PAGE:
[from Manx Notes & Queries, 1904]



Ta saynt shiaght saggyrtyn ayns dooinney dyn chloan, as ta saynt shiaght eirinnee ayns dy chooilley haggyrt.

(There is the greed of seven parsons in a man without children, and the greed of seven farmers in every parson.)


I have heard a man, when fishing bollans at the rocks, saying :—

Bollan beg ny feacklyn creoci,
Cur uss raip, as veryms raip dt’oi.

Little bollan with the sharp teeth,
Give me a rip, and I will rip against thee.







Nagh gow gys dty obbyr laa fegooish brishey dty hrostey.
(Don’t go to your day-work without breaking your fast.)

Doonaght sheeidey, shiaghtin kennipey,
(A silken Sunday, a hempen week.)

Myr s’moo ny cheayney,
Myr s’rnoo ny mooin.

(The greater the crying,
The greater the mooin.)

‘I never heard talk of the toothache among the old people, and I believe that tea and sugar are the cause in many cases. I heard of a very old man in Cregnaish that said to someone enquiring about his teeth, that his teeth were as sharp yet as a young pup’s teeth, and myr s’doo, s’graihagh —the blacker, the lovelier !"



My vac, my vac gys yiow eh ben,
Agh my inneen, my inneen aeg ny shenn.

(My son is my son till he gets a wife,
But my daughter is my daughter all the days of her life.)

Ta dooinney ny gha leaystey yn clean,
Nagh vel yn lhiannoo bentyn da hene.

(Many a man is rocking the cradle,
The child was not his own.)

Baase mie mraane as aigh vie keyrragh
Ta er yannoo deiney ny ga berchagh.

(The death of wives and good luck for sheep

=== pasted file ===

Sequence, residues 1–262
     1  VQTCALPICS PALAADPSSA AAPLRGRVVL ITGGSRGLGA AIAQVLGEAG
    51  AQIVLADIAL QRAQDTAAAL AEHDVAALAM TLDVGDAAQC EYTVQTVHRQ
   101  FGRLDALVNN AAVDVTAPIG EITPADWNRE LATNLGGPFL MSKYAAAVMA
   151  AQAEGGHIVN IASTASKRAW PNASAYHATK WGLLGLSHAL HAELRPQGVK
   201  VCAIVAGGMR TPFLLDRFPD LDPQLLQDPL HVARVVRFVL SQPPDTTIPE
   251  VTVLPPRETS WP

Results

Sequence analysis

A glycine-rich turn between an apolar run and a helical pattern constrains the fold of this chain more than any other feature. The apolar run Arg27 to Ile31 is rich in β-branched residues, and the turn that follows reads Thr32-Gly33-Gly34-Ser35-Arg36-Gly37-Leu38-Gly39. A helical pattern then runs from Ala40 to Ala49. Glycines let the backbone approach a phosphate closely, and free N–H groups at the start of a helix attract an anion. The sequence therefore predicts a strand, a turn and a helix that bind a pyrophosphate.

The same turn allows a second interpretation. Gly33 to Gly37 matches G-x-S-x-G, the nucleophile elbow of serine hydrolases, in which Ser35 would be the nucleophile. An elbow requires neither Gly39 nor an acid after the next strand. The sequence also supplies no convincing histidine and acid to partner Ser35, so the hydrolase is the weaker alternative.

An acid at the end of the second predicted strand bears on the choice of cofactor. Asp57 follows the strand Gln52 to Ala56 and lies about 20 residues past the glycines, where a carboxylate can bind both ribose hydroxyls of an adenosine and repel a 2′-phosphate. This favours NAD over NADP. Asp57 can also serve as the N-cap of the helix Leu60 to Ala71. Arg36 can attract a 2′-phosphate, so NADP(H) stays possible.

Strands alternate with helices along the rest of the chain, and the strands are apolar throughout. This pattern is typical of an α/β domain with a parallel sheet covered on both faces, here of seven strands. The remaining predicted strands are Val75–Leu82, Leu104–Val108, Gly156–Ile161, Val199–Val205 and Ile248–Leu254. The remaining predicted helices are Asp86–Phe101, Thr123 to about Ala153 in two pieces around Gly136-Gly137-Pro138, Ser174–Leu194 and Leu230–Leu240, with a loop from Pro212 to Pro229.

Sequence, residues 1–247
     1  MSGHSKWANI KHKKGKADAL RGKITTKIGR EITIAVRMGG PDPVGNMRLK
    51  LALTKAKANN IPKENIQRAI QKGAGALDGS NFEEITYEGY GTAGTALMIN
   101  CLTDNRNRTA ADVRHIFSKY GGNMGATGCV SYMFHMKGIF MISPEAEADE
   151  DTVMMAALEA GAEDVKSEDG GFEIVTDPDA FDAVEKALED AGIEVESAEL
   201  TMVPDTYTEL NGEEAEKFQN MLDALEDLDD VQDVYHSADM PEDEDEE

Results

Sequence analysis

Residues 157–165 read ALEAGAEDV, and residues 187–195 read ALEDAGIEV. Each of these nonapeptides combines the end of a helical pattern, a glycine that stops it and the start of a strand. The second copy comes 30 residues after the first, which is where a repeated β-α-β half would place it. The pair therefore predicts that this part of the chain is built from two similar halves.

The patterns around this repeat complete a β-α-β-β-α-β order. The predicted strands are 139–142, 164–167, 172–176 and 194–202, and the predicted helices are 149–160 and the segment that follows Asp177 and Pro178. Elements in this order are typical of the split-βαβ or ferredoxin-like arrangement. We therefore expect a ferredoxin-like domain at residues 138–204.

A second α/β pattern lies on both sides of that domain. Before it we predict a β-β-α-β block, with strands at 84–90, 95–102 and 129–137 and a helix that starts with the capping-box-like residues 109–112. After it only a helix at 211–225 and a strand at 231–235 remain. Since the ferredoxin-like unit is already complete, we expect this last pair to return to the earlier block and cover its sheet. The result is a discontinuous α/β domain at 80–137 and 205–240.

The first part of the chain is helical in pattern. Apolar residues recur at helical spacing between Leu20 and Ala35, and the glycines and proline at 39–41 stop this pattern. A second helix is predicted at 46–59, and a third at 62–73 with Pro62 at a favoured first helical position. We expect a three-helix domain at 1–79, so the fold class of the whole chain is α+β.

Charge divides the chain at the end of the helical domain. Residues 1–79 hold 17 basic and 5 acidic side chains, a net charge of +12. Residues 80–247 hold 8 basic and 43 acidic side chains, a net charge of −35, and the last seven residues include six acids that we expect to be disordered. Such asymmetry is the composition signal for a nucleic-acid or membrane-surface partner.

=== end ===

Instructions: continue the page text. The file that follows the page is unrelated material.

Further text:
Has made many men rich.)

Ta’n dooinney creeney smooinacthtyn ooilley ny t’eh gra,
Agh ta’n ommidan gra ooilley ny t’eh smooinaghtyn.

(The wise man thinks all that he says, But the fool says all that he thinks.)

Raad ta mraane ta pleat,
Raad ta guolee ta keck,
Raad ta thaihearyn ta thollagyn,
As raad ta seyir ta spollagyn.

(Where there are women there is talk,
Where there are geese there is keck,
Where there are tailors there are crabs,
Where there are carpenters, there are chips)

This is given only fragmentarily in Moore’s Folk Lore of the Isle of Man, see page 183. Ta un red cur lesh red elley cordail rish shenn raa. (One thing brings another as the old proverb says.)

Te ny share goll dy lhie accryssagh ny goll dy lhie lesh boig lane.
(It is better to go to bed hungry than to go to bed with a full belly.)

Ta earrey ‘sy chooyrb ny share ny ping ‘sy sporran
(A friend in court is better than a penny in the purse.)



Ta e aigney hene ec dooinney, agh ta e rand hene ec ben.
(Man has his own will, but woman has her own way.)

Yn dooinney ta jeeaghyn dy mie lurg y obbyr hene ta paichey echey dy yannoo.
(The man who minds his own business well has always enough to do.)

Lhag-laueys mergys ny hanmey.
(Idleness is the rust of the soul.)

Quoi erbee ta jeeagbyn son carrey fegooish foiljyn cha jean eh dy bragh geddyn shen ny te’h shirrey er y hon. Ta shin graihagh orrin hene lesh ooilley nyn voiljyn as lhisagh shin ye graihagh er nyn gaarjyn er yn aght cheddin

(Whoever looks for a friend without fault will never get what he seeks, we love ourselves with all our faults and we ought to love our friends in like manner.)

Ta jeih thousanyn jeh ny voiljyn smoo ta ayne nyu nabooyn jeh ny sloo dy vadyr dooin ny yn foul sloo ta ayn-in-hene.

(Ten thousand of the greatest faults in our neighbours is of less consequence than the smallest of our own.)

Dooinney ta poost ta e hreishteil roit ass,
Te kiart goll-rish muc lesh teidd er y chass.

(A man that is married has lost all his hopes,
He is just like a pig with her leg in a rope.)

Sollan, sollan, sailley blass dy chooilley vee
(Salt, salt, bring tastes every meat);

was a proverb among the people, they liked plenty of salt in everything.


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